So I belatedly finished this now. I started it once a few years ago and wasn't convinced, but a year or so ago I decided to give it another try and watched the full run over the twelve months since.
I liked it, but... it's overrated, isn't it?
Cranston is phenomenal as Walter White, which surely accounts for a lot of the plaudits. There are several scenes near the end of the whole thing when it really becomes clear what he has become and what he has lost, and there's a genuinely Shakespearean feel to it. Some other hugely powerful scenes and some very smart direction too. There are lots of small details and moments that go unnoticed but suddenly, a few episodes or even series later, become dramatically significant. In that way it's odd, as I thought it was pretty average for the first three or so series, but it developed into something much deeper and more powerful towards the end as small earlier moments and scenes gained more weight and meaning.
That said, what holds it back from greatness is that it lacks a real emotional core. Walter is the main guy but despite Cranston's brilliance he is never really a magnetic character until the end of the whole thing, when it becomes clear that what was really driving him was the desire to stand out. And by then it's too late. I think that one big issue is that the Pinkman character is too muddled. I never really found his motivations, or Walt's paternal feelings towards him, that convincing.
And speaking of relationships, Skyler is no Carmela Soprano. From the beginning she is mishandled: I think the idea is that she is going to be sympathetic, a strong woman trapped in her marriage to a criminal, and trying to do right by her kids, but for most of the time she comes across as a pain in the arse: an obstruction as Walt went about his business. Hank was a better supporting character, a believably cocky, jocky but competent and clever agent. Saul and Mike were fantastic too and I'm looking forward to getting stuck into their spinoff.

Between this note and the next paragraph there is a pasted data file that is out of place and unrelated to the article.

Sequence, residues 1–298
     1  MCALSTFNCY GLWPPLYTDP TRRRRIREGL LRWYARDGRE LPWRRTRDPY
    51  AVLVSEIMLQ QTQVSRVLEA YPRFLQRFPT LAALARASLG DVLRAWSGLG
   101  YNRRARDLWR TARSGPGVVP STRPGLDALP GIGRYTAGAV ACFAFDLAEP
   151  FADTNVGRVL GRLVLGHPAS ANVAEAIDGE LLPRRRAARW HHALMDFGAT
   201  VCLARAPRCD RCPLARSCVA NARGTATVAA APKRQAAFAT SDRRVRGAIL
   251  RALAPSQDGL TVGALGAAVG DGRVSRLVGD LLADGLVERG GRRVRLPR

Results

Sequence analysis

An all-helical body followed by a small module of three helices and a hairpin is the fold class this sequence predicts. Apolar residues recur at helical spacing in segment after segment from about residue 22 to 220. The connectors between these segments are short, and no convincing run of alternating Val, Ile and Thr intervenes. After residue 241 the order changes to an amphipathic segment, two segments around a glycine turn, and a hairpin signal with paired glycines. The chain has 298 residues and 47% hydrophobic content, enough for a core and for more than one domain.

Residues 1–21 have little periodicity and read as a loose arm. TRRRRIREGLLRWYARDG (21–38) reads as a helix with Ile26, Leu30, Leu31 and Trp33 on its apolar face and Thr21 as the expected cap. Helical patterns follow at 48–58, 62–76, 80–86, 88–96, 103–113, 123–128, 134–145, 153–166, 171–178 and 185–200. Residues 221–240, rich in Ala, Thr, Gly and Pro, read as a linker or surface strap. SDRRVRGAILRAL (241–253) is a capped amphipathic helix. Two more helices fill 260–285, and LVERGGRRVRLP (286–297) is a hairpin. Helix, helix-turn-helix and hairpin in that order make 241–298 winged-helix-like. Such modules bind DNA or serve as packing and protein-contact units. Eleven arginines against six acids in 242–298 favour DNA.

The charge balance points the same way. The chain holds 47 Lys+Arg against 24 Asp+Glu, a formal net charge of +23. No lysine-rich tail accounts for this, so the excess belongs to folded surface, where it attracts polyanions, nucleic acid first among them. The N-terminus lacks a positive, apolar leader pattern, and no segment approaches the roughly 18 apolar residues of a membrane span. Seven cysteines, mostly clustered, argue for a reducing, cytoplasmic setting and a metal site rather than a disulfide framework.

One other point that stuck out was that for a show about people making and selling crystal meth, there was no real interest in showing the consequences for the community or society around them. We got Jesse's hot methhead-with-a-heart girlfriend, we got the comedy sidekicks Badger and Skinny Pete, we got a couple of scenes of Wendy the crack whore... and that was it.
It might have been a deliberate move, to steer clear of this to avoid making Walt into too much of a villain, but I think it detracts from the show's overall impact.
Otherwise, well, the plotting was up and down with some real lulls in the third series especially, and even when things really picked up speed and tension in the last couple of series, there were things that felt like missteps, or that were too dragged out. But those last two series really were compelling while I spent much of the previous three waiting for it to get good; fortunately I had read that it was a show that rewarded this patience, so I didn't bail again.
And you know what? I think I read the final episode with its Hollywood heroics as Walt's dying fantasy of redemption. He is barely there in many scenes, hanging in the background and unnoticed by the other characters. The resolutions feel too neat. I think he died up there in that cabin.
Minnie Cheddars wrote:Baron got into a fight with some Satan’s Slaves over some culinary issue
Awful thing when that happens. I had a similar experience at a Tom Jones concert.